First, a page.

The practice of medicine has many great benefits.  There is the opportunity to study and understand the human body.  The chance to know the hearts and minds of our patients with great intimacy and immediacy.  And, so long as the current epidemic of mortality continues, we’ll probably always have work—alongside the morticians.

            But there are a few things that make it a drag.  For instance, it’s no fun to be on call, to stay up late and work tired, to struggle with regulatory bodies or to write checks for malpractice insurance.  However, those are small potatoes compared to the misery of working in an emergency room on football Saturday.

            It isn’t that I mind working weekends or odd shifts.  I think it was in the fine print when I signed up to be a doctor.  ‘Bearer of this degree shall be required to work long hours, nights, holidays and weekends.  Void in Cancun and US Virgin Islands.’  Although I’d prefer to be home on Saturday and Sunday, I know that someone has to be available for the sick and injured.  That’s not what I mind.

            What I mind is the way that people see game day as a time of acceptable madness.  And that their madness then becomes the problem of hospital emergency rooms across the country.  You see, men and women turn into animals when it comes to college football.  It’s a special kind of crazy, that makes people paint their bodies, fight for the honor of schools they sometimes never attended, and drink like there’s no tomorrow…starting a week before the game.

            I was reminded of this behavior yet again after the recent Clemson/Virginia Tech game.  I came to work Saturday night and saw defeat in the eyes of my partners and our hard-working nurses.  ‘Lots of drunks, huh?’ I said, stating the obvious.  ‘You could say that,’ was the weak, weary reply.  It was like asking Custer, ‘Lots of Indians, eh?’ 

            Around the ER they lay in assorted hospital beds, waking up from alcohol and recovering from wounds.  They had passed out, vomited, fought, fallen down and all the rest.  Some nights, college football leaves us wounded young men who need significant facial and orthopedic surgery because of drinking and fighting.  Too often in America, the drinking (‘only two beers’) leads to driving, which leads to death and eternity.  Go team.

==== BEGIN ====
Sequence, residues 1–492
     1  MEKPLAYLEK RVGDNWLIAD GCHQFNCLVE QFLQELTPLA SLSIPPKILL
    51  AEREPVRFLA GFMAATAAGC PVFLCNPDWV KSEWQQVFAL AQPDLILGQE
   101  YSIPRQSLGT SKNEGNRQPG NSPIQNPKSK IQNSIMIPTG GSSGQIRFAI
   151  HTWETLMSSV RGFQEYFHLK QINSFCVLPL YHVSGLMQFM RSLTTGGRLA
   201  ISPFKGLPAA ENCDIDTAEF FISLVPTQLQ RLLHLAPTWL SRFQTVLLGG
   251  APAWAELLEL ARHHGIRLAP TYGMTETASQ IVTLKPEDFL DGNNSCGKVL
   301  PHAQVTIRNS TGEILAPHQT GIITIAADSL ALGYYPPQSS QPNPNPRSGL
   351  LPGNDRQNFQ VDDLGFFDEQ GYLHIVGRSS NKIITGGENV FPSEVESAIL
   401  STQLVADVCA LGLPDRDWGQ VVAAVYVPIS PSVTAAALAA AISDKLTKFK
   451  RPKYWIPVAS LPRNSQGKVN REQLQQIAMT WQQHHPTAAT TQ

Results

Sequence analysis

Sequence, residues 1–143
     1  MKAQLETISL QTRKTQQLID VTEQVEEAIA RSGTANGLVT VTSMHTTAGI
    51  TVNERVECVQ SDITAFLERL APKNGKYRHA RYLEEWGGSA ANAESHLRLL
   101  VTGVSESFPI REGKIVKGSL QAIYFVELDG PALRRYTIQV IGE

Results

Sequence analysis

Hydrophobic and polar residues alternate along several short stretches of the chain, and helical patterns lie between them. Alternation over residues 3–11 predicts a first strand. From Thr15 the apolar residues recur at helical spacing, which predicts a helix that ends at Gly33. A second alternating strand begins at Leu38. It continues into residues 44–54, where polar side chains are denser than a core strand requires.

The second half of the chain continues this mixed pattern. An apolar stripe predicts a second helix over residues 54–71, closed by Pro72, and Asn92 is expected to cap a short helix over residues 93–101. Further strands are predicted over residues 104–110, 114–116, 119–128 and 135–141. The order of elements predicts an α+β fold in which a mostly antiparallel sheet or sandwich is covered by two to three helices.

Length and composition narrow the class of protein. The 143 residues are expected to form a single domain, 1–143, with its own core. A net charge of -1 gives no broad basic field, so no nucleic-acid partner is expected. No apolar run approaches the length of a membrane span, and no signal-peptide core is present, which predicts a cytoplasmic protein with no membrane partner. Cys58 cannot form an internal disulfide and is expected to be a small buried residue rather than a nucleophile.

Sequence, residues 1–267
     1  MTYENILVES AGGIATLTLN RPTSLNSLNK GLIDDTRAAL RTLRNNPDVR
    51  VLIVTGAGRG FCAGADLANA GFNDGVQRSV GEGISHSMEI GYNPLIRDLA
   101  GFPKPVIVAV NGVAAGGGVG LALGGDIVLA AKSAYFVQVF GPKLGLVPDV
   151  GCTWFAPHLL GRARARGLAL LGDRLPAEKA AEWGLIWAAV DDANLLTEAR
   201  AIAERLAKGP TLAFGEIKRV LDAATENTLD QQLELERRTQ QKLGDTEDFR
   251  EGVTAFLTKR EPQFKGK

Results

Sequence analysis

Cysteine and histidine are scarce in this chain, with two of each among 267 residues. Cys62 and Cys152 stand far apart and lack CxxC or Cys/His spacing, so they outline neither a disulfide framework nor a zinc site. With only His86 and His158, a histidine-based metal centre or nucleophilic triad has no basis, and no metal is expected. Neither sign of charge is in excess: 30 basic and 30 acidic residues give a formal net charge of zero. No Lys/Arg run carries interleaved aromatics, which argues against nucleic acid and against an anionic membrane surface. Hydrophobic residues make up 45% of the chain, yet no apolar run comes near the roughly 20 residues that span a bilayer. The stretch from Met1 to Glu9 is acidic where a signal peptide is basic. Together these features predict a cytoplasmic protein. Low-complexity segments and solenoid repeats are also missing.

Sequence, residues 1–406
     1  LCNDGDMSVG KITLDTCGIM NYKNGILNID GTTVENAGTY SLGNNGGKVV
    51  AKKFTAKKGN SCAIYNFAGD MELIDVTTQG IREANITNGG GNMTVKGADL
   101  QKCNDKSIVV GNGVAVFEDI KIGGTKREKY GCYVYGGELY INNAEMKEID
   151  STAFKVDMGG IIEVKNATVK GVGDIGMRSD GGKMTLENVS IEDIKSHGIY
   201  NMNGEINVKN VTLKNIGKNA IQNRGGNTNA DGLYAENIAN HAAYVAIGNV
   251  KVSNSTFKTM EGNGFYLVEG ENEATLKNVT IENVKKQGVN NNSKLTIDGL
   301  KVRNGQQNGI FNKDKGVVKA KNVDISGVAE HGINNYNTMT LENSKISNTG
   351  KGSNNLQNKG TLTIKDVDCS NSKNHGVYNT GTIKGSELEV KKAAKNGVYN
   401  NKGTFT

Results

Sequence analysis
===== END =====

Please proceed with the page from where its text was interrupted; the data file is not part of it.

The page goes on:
What escapes me is the way we have not only created a religion of athletics, which is bad enough, but that we have made alcohol abuse one of its holiest sacraments.  Intoxicated college students routinely tell me, when asked how much that they drink, ‘Oh, you know, about like everyone else.’  By the way, that usually means a whole lot.

 I know, alcohol is nothing new.  And I’m not suggesting we have to return to prohibition.  But shouldn’t we have learned a little by now?  Where’s evolution when you need it?  Shouldn’t the people we send to college, and trust with our futures, have better sense than to drink 12 shots in an hour and fall off of their barstools?  Shouldn’t the beautiful young women who attend universities have better sense than the ridiculously drunk men all around them, rather than trying to keep up, as if they were competing?  I guess when we see 35-year-old men get in drunken fist fights over college football, we can’t expect much better from the actual college kids.

            I don’t expect to change any of this right away.  But I’m begging here:  students, don’t get drunk!  It leads to so many bad things, from ulcers and liver disease to car crashes and sexual assault. 

            And parents, teach your kids by example.  If you celebrate the academic and athletic prowess of your favorite school by getting smashed in front of your kids on football Saturdays, then don’t you think they will?  And if you do, by the way, shame on you.

            Finally, to all of the college administrators struggling with issues of alcohol abuse: keep trying to decrease drinking rates!  I know you’re doing your best.  But maybe, if colleges were more proud of learning and creating greatness than they were of their football team’s standing in the polls, then some of the game day craziness would abate a little.

So, to college sports fans young and old, and all across the land, a final word: grow up!  But if you don’t, I’ll still see you on Saturday and do my best.

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